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Mitsubishi XD600U Review

Jan 5, 2010 2:37 PM, By Jeff Sauer

Its brightness per pound and technological advancements make it a user-friendly, forward-thinking projector.

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Mitsubishi XD600U

Mitsubishi XD600U

Mitsubishi’s new XD600U projector (along with its 16:9 counterpart XD620U-G) is the top of the company’s line of small form factor, high brightness front projectors aimed squarely at the commercial data presentation core of the market. As a group, these models are small enough to be moved if necessary and easily installed, yet powerful enough to fill a large conference room, boardroom, classroom, or house-of-worship video venue or smaller sanctuary.

Rated at 4500 lumens and weighing 7.9lbs., brightness per pound is the calling card of the new XD600U. Yet the industry has claimed higher brightness many times before and without anymore than its brightness, the XGA-native XD600 would fall into the age-old incremental improvement category. Mitsubishi has, however, endowed the XD600U with a package of other technological advancements that together translate to state-of-the-art user friendliness, as well as a little forward thinking.

The XD600U is DLP-based, with Texas Instruments’ (TI) BrilliantColor technology and a RGBWY five-segment color wheel. That extra Y (yellow) in the color wheel is what yields the added brightness from the 280W lamp while maintaining fairly good color and not washing out lighter hues, particularly skin tones. Of course, high brightness and a traditional XGA resolution make the XD600U a straightforward, utilitarian projector.

Connectivity is straightforward, with two 15-pin VGA inputs and one 15-pin pass-through for a local monitor. Both 15-pins can accept component video with a splitter cable. S-Video and composite jacks share RCA stereo audio jacks, and there are stereo mini jacks for each of the data inputs. An RS-232 and RJ-45 port are for control and Internet connectivity. That’s all simple enough, but there’s more than meets the eye in that inputs list.

First, Mitsubishi now offers an interesting “audio mix” function that allows the projector to mix and output two combined audio inputs. In other words, without an external audio mixer, the XD600U can simultaneously output the audio from video or a computer source and a speaker’s microphone, for example. If the projector is installed overhead in a large conference room, classroom, or sanctuary, the 10W built-in loudspeaker can serve as a very affordable, if somewhat rudimentary audio enhancement system.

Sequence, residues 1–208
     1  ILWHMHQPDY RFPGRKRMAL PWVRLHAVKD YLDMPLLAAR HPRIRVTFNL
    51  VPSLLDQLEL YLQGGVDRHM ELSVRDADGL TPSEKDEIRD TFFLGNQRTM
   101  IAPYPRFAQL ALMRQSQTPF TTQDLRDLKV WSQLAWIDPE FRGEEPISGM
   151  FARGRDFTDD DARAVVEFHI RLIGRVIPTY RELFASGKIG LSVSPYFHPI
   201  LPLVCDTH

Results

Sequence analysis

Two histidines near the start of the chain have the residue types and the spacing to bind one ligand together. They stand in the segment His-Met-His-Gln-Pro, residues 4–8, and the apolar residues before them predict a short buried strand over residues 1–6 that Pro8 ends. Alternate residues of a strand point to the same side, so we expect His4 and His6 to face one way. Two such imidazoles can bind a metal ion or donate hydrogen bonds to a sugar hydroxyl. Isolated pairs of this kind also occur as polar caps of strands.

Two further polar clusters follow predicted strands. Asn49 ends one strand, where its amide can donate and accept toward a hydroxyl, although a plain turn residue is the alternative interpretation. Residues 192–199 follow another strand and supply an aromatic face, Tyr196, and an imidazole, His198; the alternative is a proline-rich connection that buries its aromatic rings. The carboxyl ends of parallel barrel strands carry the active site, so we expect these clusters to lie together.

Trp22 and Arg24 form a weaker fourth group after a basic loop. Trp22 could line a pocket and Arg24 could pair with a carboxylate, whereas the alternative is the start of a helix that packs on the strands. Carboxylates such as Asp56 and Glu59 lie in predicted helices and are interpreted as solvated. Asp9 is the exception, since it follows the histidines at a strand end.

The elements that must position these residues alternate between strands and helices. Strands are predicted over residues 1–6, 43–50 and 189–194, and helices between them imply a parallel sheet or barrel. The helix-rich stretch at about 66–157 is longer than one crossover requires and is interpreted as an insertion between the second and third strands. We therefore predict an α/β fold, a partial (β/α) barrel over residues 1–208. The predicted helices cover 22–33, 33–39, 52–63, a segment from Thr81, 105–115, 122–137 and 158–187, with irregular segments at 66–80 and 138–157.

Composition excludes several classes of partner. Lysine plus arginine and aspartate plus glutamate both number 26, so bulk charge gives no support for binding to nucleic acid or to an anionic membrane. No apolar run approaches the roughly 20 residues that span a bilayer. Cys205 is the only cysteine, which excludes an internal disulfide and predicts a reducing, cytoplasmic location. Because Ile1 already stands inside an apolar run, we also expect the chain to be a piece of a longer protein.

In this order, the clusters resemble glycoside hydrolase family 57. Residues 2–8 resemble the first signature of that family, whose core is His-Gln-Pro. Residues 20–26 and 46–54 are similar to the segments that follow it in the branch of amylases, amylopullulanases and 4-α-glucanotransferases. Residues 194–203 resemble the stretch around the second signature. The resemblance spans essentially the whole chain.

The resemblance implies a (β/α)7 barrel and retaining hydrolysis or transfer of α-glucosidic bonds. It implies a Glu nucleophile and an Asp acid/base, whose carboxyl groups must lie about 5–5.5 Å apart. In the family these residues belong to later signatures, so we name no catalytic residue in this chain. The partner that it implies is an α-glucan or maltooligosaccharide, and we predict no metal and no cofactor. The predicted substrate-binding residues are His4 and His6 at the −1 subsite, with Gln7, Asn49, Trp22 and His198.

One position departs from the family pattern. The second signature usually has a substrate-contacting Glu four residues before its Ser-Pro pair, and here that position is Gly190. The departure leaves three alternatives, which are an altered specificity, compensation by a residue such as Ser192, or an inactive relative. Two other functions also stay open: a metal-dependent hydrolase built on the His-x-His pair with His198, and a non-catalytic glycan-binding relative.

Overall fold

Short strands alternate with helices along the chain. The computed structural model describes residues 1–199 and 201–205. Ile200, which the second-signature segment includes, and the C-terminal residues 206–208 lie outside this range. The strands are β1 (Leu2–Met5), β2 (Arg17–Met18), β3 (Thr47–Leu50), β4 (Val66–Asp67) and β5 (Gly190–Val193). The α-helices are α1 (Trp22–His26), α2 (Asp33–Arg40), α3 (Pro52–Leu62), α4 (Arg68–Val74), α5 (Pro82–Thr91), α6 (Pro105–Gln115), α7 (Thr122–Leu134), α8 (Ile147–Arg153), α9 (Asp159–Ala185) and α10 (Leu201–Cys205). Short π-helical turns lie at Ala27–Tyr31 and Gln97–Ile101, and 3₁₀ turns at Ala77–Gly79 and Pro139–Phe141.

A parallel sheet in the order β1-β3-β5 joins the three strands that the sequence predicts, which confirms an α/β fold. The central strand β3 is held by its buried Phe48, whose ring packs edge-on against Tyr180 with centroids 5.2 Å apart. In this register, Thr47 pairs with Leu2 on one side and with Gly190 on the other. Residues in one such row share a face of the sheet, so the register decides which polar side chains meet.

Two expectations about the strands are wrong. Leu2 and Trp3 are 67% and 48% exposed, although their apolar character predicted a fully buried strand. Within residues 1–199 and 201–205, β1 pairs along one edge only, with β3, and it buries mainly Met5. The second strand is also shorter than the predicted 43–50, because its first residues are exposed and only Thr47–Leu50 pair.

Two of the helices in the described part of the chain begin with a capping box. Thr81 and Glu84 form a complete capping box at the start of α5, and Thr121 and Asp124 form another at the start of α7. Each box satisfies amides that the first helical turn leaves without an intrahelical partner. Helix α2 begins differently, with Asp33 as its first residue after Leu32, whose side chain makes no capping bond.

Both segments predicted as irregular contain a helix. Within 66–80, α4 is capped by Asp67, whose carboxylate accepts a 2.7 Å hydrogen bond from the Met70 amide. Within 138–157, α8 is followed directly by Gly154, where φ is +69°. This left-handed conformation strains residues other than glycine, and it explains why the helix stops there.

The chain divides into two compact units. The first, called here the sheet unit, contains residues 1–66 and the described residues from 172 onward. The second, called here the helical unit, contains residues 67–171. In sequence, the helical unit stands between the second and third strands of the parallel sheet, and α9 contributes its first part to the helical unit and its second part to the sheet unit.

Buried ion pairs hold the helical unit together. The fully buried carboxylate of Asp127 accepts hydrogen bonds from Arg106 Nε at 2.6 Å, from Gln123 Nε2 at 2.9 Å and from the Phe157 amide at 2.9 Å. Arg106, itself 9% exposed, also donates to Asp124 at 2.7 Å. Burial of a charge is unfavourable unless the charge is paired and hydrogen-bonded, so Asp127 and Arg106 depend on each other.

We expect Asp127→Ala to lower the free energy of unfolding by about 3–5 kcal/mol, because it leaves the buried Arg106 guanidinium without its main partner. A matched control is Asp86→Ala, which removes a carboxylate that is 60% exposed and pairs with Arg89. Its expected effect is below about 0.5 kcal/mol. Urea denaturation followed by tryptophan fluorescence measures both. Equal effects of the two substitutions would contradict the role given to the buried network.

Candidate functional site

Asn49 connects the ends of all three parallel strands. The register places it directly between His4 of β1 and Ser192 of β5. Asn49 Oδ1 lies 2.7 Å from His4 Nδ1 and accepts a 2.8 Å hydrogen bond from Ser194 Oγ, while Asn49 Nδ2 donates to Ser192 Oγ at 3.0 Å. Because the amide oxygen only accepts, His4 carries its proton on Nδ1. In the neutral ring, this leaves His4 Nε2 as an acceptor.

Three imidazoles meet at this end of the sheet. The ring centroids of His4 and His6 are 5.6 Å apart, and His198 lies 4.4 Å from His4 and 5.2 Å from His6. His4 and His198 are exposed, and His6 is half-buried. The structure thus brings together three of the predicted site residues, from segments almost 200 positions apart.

Ethernet connectivity and remote projector monitoring isn’t new, but it does afford easier control and operation of ceiling-mounted projectors or a facility with multiple units. Mitsubishi has also added another interesting feature that allows the projector to be used as a public address broadcaster: a simple piece of remote administration software allows a control-room administrator to type messages up to 350 characters and send them to one or many projectors for immediate display. That could be quite handy if a speaker is running 10 minutes behind schedule or a meeting location has changed. Naturally, the projector includes password protection both for network access and on-screen menu access.

Since the XD600U is small enough to be moved from one room to another, Mitsubishi has also included some features to help with quick and easy set-up. The Wall Screen feature isn’t new, but it corrects color if one needs to use less-than-ideal projection surfaces, such as beige walls. Of course, there’s also auto keystone correction. Mitsubishi has both a Quick Menu for basic set-up as well as a Detail Menu that goes into the detail that installers would expect including dedicated RGB color, brightness, and contrast controls; TI’s Color Enhancer technology goes beyond basic viewing mode presets and offers quick preset adjustments for Gamma Mode, BrilliantColor, RGB Color, and RGB Tint settings.

Finally, the XD600U is 3D-ready. What does that mean? It probably does not mean too much unless you’re already working with 3D visualization or need to get there quickly. Indeed, while the Mitsubishi website now touts 3D, the XD600U user manual barely touches on it save for an English-as-a-second-language paper insert that loosely refers to the need for 3D content and LCD shutter glasses. Yet that’s because 3D ready is effectively inherent in the underlying DLP technology (although 3D is not available in the widescreen XD620U-G) and something that TI is now publicizing as a marketing advantage. The DLP approach to 3D is quite good visually, but the 3D industry has yet to standardize, and that makes the emergence of future content a little suspect. Still, for those that are working with 3D visualization, the XD600U is ready.

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